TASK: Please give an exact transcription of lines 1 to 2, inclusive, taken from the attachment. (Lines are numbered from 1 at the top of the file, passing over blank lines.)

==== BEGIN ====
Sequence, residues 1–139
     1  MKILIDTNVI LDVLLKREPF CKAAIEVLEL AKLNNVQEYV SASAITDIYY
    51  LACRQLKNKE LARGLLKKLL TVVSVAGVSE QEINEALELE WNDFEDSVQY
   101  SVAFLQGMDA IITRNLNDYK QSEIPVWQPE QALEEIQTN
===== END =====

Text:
Sequence, residues 1–139
     1  MKILIDTNVI LDVLLKREPF CKAAIEVLEL AKLNNVQEYV SASAITDIYY